Thursday, June 23, 2011
Spotlight On: Gil Kane
Doug: Nose upshots. That is seriously the first thing I think of when Gil Kane becomes the subject at hand. After that, I think of contorted fingers. OK, got that out of my system. Now let's talk about Gil Kane the storyteller. The guy can move the reader's eyes through a book. One of the best. Great camera angles, great emotion (however, see contorted fingers, above...), and dynamic action. Certainly he's probably best-remembered for his long tenures on Green Lantern, the Atom, and the Amazing Spider-Man. After those three runs, I think of him as Marvel's go-to cover artist in the Bronze Age; in fact, it would be interesting to see how many covers Kane had published as compared to Jack Kirby over the 1970's. Either guy was prolific in the middle part of the decade, and each arguably drew every character in the MU.
Karen: As a kid, I did not care for Kane's art, for the reasons you cite and more. It just looked 'weird' to me, whatever that meant. But now that I'm older and hopefully wiser, I have come to enjoy his work. The nose upshots still bother me, but I can see what a good story-teller he was, and how dynamic his art was.
Doug: There are certain characters that I cannot take Gil Kane on. Primary on that list would be the Incredible Hulk. I don't know why -- part of me says it depends on the inker. For example, if you check out our reviews of Amazing Spider-Man #119 and #120, you'll see Kane's Hulk looks pretty good. But how much of that is due to the inking of John Romita, Sr.? Conversely, a visit to Marvel Super-Heroes #43 gives us quite a different interpretation. What do you think? Am I wrong? I don't even know what to say about that art from the Tales to Astonish reprint. It doesn't look like anything Kane did over at DC, and it sure as heck isn't as nice as the ASM stuff.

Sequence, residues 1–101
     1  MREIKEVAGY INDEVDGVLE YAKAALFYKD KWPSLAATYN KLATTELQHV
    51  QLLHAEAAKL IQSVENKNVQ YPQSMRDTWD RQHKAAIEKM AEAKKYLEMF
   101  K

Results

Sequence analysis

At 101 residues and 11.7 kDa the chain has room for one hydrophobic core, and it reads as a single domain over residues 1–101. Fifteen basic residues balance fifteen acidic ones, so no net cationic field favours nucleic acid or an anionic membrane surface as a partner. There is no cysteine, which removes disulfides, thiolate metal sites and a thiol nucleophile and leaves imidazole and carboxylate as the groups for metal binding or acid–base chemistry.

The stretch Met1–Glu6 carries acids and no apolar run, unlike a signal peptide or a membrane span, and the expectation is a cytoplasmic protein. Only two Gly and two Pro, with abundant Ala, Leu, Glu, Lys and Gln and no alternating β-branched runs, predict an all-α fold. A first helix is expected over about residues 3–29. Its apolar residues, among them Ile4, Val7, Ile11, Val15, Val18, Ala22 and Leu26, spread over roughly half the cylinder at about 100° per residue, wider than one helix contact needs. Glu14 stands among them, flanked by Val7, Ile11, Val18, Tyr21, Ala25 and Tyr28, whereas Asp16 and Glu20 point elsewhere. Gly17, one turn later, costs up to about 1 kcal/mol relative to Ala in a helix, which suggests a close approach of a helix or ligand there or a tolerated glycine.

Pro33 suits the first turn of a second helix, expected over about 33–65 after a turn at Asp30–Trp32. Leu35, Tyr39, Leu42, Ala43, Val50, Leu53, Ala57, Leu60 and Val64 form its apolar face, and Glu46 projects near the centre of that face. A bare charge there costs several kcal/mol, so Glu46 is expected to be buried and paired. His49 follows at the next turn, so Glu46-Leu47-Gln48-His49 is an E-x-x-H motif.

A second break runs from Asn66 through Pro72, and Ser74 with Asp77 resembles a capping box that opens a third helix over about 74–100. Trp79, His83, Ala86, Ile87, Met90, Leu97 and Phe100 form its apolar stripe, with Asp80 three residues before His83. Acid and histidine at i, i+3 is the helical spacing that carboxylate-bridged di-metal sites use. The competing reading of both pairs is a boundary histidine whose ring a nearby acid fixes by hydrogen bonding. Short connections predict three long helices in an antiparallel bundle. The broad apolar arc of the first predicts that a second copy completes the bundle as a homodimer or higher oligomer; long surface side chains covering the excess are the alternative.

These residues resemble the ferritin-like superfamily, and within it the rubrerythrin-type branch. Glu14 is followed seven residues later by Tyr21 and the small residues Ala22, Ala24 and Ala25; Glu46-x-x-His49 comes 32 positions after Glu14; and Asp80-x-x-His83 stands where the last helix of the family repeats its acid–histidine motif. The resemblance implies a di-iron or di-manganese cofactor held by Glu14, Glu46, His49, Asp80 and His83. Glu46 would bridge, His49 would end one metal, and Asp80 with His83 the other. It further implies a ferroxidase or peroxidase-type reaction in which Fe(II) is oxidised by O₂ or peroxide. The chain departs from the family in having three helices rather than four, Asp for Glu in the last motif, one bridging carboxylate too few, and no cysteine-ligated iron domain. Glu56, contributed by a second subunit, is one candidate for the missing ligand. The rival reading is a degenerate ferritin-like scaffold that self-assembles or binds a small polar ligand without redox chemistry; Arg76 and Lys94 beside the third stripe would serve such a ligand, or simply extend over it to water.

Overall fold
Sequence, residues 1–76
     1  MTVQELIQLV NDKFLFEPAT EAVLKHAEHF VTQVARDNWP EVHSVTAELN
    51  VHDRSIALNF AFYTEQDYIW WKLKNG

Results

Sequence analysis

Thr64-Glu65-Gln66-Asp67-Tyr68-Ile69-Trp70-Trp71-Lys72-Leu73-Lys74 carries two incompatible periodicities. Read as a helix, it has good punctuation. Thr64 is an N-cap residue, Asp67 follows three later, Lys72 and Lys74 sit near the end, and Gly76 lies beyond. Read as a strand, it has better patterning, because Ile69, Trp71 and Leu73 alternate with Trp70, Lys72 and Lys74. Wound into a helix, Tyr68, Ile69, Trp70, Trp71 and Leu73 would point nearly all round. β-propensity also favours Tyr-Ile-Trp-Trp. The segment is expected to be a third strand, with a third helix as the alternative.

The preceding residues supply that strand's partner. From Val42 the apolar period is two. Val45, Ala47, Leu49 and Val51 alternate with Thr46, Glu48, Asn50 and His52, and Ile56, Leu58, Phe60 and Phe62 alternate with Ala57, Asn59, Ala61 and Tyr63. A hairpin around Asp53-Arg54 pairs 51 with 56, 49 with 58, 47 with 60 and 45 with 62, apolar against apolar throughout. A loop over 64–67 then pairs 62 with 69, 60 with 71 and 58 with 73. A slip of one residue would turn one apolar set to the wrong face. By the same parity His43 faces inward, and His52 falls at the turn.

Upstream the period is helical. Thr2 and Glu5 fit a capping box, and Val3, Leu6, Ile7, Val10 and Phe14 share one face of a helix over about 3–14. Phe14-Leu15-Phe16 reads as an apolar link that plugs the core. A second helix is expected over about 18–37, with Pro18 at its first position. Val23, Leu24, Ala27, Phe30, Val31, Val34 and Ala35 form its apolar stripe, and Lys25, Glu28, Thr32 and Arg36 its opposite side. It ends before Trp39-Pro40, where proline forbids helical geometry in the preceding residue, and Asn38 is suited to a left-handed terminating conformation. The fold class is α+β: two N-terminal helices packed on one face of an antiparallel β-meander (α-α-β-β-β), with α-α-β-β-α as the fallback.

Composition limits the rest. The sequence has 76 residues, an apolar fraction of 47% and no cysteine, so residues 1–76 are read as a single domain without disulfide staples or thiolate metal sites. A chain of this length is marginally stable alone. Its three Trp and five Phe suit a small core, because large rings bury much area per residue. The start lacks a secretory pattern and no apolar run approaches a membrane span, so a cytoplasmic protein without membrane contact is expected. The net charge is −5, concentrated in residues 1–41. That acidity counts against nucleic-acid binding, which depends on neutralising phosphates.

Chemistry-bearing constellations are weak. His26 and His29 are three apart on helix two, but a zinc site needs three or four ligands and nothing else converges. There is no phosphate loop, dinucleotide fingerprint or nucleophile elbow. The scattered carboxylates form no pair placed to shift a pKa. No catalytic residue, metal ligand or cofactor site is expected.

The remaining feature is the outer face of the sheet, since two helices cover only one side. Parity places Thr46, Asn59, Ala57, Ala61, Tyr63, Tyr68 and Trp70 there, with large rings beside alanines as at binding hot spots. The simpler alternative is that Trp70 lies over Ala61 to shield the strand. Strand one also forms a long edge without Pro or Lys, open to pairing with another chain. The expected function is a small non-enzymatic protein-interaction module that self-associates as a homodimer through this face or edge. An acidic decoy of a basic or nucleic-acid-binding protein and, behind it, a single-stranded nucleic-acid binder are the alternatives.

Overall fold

Karen: I think for most artists there are characters that they just aren't suited for or don't draw well, and I would agree with you that for Kane, the Hulk was one of those. I didn't think his Iron Man was particularly good. He worked well on Spider-Man, and I can't help but think that was partly because he tended to draw sort of contorted figures, and that works with Spidey.
Doug: I'm sure for many readers of old-time Spider-Man stories felt that Kane's presentation of the web-spinner was Ditkoesque. "Contorted" is a great way to put it! Our recent look at the deaths of Gwen Stacy and the Green Goblin showcased some wonderful Kane/Romita art, and certainly the Ditko influence could be seen here and there. Maybe the Morbius stories from ASM #100-102 would be even better examples of Ditko's influence on Kane's interpretation of the Wallcrawler.
Doug: What do our readers think? Kane, or no Kane? Sound off!
*Thanks to the folks at scans-daily for the Gwen Stacy image*